Sara MacIntyre brings Harper-style media-repression tactics to Premier Christy Clark's office
Sara MacIntyre, Prime Minister Stephen Harper's former press secretary, made a splash in her first week on the job as British Columbia Premier Christy Clark's media handler. And handle the press, she did.
In a video being widely circulated on the internet, MacIntyre – the conservative Canadian Taxpayers Federation (CTF)'s former British Columbia director – got snarky when several reporters at a trade show attempted to ask Clark about her proposal to move welfare recipients to jobs in northern British Columbia.
“But you said that the Premier –” one reporter protested, before MacIntyre interrupted her.
“– No I did not. Where? I did not issue an advisory saying she was taking media questions.”
Minutes later, when journalists decided to bypass the press secretary and access Clark directly, MacIntyre inserted herself in front of the camera in a seeming attempt to spoil the shot.
“She's not taking questions today,” she repeated. “If you want to shoot the Premier, she's right there.”
MacIntyre started her BC job on March 6, nearly a month after announcing her resignation as Harper's spokesperson on February 10. She is the latest in a series of federal Conservative hires for the premier which include former Enbridge, Taser, tar sands and pharmaceutical lobbyist Ken Boessenkool, who served as a chief advisor to Harper.
MacIntyre, a political science masters candidate at the University of Calgary, previously served as head of the CTF's BC branch, communications director for BC wind energy company NaiKun, and a policy researcher on human resources and Aboriginal affairs when Harper was leader of the opposition.
“The exchange brought back all the memories of what we go through every day with the Harper government: tight media control, lack of respect for the media,” said Robert Fife, CTV's Ottawa bureau chief. “She's taken the Harper media plan and brought it to B.C.”
But the mid-thirties staffer – who took over former BC press secretary Chris Olsen's $125,000.10 a year job (salaries accessed by a Canadian Taxpayers Federation document request) – has a background as politically engaged as it is technical. She's no public relations flak, it turns out.
With BC teachers taking job action currently, and Clark's Liberals pushing back-to-work legislation through this week, it is interesting that MacIntyre herself has played a prominent role in the issue in 2005.
In her time at the CTF, MacIntyre helped coordinate a precedent-setting class action lawsuit against the striking BC Teachers Federation (BCTF), calling upon parents to express their outrage over educator walk-outs. 150 disgruntled parents took the BCTF to court, in a move mirroring earlier lawsuit against the hospital employees' union, also under MacIntyre's watch.
“Anyone that has witnessed the power of public sector unions in this province can genuinely appreciate the courage that these individuals have to say enough and to sign on with this class action,” MacIntyre said in an October 17, 2005 press release.
“The BCTF's illegal actions are sending a terrible message to kids--which they purportedly care about---that it's okay to break the rules in order to get what you want,” she said at the time. “I'd like to see them try to enforce order in their classroom if students followed their example.”
On her Facebook wall, MacIntyre expressed admiration for a fellow Canadian Taxpayers Federation staffer-turned-media handler – the spokesperson for Toronto mayor Rob Ford's winning campaign, Adrienne Batra, who had previously worked at the CTF's Manitoba office.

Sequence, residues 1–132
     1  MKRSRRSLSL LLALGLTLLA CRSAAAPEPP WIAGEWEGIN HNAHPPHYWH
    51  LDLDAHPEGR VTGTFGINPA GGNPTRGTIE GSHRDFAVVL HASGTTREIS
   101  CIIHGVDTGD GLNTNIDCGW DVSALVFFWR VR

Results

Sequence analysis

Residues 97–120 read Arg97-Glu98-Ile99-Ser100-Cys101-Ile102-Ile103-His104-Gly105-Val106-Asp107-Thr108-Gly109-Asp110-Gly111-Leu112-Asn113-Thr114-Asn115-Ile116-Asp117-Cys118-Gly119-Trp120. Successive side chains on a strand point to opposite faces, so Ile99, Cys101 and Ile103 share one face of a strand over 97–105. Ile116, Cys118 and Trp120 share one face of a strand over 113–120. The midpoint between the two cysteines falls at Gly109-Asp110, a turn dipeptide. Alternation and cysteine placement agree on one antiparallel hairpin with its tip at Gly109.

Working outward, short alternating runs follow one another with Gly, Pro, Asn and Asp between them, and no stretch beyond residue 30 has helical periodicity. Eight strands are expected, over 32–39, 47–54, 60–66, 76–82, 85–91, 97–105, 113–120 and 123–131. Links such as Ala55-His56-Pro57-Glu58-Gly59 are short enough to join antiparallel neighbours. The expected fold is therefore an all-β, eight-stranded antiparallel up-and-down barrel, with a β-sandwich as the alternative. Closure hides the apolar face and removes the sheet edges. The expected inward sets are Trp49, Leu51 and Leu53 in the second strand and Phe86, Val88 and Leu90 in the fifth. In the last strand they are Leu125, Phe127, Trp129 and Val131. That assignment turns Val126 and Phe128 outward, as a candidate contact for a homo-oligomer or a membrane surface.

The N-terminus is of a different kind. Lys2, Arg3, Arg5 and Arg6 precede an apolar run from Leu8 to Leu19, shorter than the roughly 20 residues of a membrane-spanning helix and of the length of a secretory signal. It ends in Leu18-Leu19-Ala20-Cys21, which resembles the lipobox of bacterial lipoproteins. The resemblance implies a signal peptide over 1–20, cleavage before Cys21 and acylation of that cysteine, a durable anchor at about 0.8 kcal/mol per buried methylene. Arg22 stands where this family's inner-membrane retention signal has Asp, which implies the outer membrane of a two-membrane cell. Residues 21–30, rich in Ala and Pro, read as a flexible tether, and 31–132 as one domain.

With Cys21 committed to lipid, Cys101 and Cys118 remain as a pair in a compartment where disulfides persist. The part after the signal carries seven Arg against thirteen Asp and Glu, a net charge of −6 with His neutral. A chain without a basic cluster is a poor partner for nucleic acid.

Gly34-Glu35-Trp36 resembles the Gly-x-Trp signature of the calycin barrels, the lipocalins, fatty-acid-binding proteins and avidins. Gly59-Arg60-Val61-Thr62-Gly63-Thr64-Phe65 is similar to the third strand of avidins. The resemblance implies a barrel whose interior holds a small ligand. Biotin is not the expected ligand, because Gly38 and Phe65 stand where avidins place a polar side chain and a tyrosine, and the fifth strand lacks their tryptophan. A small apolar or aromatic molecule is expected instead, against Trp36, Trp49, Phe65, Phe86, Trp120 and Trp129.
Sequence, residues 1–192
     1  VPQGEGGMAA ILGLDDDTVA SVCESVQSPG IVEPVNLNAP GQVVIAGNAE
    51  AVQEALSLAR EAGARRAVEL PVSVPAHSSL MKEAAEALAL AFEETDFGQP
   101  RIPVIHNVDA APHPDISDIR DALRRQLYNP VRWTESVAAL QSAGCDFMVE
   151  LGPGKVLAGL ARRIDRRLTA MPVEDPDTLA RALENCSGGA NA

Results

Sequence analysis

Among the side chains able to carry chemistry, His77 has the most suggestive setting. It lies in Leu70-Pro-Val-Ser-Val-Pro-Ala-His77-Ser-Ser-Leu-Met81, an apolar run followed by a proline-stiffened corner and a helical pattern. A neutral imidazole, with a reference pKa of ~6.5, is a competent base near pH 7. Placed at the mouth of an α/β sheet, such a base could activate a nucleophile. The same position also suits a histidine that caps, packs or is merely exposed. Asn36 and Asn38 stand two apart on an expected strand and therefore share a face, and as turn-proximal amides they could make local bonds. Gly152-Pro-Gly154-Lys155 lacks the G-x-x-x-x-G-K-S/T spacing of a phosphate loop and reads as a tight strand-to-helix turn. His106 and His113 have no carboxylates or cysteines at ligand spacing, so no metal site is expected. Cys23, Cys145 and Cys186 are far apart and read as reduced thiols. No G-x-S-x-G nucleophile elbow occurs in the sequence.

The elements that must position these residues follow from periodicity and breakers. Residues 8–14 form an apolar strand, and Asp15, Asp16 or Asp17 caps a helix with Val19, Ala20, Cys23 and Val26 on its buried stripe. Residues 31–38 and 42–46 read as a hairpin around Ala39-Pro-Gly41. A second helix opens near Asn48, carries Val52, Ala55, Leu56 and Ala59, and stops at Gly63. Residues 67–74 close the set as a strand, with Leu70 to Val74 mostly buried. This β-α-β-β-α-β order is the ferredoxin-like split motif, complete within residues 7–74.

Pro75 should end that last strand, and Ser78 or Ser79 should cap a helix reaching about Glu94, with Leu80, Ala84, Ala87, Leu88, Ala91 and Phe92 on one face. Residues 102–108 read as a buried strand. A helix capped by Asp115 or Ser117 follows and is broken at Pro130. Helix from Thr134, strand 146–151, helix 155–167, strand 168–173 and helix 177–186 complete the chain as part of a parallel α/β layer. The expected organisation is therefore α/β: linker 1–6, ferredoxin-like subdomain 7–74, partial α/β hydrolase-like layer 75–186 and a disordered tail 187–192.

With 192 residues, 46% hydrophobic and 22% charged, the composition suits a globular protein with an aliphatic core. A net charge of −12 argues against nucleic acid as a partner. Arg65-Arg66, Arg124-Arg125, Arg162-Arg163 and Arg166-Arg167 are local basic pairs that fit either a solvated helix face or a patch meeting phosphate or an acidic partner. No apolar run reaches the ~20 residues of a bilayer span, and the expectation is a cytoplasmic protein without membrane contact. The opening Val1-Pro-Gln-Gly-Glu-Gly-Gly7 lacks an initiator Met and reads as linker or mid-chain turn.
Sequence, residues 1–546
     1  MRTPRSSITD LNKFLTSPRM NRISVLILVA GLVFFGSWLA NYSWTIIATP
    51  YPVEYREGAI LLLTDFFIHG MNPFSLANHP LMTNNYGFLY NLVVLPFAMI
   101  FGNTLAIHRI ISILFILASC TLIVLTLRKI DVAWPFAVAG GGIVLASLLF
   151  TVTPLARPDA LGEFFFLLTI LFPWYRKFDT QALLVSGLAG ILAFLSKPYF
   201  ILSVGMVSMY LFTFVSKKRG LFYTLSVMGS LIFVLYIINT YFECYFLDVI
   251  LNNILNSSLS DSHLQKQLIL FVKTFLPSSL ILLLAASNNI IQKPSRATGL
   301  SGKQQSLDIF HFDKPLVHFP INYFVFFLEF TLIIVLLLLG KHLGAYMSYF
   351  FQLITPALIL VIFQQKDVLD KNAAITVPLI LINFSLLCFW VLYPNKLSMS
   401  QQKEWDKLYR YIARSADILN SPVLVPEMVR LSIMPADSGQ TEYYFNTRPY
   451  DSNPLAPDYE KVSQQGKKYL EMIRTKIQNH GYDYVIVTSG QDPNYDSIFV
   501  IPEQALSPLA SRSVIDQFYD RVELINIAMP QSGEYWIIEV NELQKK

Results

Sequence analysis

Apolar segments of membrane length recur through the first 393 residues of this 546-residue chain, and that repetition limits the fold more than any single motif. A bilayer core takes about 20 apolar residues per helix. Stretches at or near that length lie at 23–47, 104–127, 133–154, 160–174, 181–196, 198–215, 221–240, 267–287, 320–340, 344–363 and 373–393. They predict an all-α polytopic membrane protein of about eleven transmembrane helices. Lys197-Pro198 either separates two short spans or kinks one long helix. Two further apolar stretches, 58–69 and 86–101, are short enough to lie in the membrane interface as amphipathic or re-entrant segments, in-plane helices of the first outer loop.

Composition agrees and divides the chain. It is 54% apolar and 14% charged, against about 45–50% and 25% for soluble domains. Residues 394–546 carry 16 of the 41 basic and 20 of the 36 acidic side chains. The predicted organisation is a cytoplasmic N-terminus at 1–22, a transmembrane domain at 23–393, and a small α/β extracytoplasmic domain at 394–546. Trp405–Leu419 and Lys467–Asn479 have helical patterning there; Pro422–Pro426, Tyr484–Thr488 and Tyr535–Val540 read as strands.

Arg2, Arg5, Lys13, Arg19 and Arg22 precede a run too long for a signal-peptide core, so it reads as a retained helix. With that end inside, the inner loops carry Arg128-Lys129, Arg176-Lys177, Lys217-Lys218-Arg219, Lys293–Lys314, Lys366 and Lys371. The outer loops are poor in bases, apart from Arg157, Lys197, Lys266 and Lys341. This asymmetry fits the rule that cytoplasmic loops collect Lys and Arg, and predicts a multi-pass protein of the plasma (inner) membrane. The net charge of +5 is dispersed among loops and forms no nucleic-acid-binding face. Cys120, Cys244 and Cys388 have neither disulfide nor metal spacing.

Describing Batra as “my good friend and fierce force,” MacIntyre congratulated the former Ford staffer on her hiring as comment page editor at the ultra-conservative Toronto Sun newspaper, operated by the same media chain Sun News Network – which itself is headed by Kory Teneycke, Harper's press secretary from 2008-2009.
In her time with the successful Ford campaign, Batra became “known for her caustic wit and her fierce, relentless protectiveness towards Mr. Ford,” wrote the National Post – attributes which are strikingly similar to MacIntyre's inaugural media management effort at the Globe trade show this week in Vancouver.
At this point, little else is known about MacIntyre. According to her Facebook posts, she loves Bikram's hot yoga and traveled throughout Latin America last August. When she moved to Calgary for her Masters degree, after graduating with honours in political science from the University of Western Ontario, she reportedly “complained bitterly” in a Calgary Herald editorial that a preferred local beer was not served on tap at the university (the editorial was cited in an official university press clippings page).
In the Sept. 16, 2002 Herald editorial, titled, “Beer, beer, everywhere, but not a draft to drink,” MacIntyre lamented that the student union had ceased serving Calgary-brewed Big Rock ale in its bars, criticizing procurement policies. But early political engagement of the self-proclaimed “libertarian” “agnostic” (according to her Facebook profile) is elusive.
On May 4, after Harper's Tory government's majority win in the 2011 elections - now-controversial after alleged fraudulent calls to non-Conservative voters - MacIntyre's expressed pithy, but capitalized, jubilation on Facebook: “MAJORITY!!!!!”
In her farewell Facebook note to Ottawa, MacIntyre praised Prime Minister Harper as the best in history.
“It has been an incredible, challenging and rewarding two and half years serving the best Prime Minister our beautiful country has known,” MacIntyre said on her Facebook wall. “But as they say, all good things come to an end.” She promised that she “will continue to fight the good fight and serve with humility.”
For British Columbia, it's just beginning.